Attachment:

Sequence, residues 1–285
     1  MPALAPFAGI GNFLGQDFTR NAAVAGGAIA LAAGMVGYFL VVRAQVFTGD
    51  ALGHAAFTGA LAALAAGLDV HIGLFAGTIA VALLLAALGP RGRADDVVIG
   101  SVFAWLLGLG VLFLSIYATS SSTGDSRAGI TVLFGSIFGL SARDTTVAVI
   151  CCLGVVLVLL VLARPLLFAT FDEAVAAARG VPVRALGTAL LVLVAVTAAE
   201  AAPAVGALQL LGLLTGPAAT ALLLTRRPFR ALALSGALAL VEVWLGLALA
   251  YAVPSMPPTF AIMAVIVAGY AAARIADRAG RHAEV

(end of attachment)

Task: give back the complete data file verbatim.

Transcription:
Sequence, residues 1–285
     1  MPALAPFAGI GNFLGQDFTR NAAVAGGAIA LAAGMVGYFL VVRAQVFTGD
    51  ALGHAAFTGA LAALAAGLDV HIGLFAGTIA VALLLAALGP RGRADDVVIG
   101  SVFAWLLGLG VLFLSIYATS SSTGDSRAGI TVLFGSIFGL SARDTTVAVI
   151  CCLGVVLVLL VLARPLLFAT FDEAVAAARG VPVRALGTAL LVLVAVTAAE
   201  AAPAVGALQL LGLLTGPAAT ALLLTRRPFR ALALSGALAL VEVWLGLALA
   251  YAVPSMPPTF AIMAVIVAGY AAARIADRAG RHAEV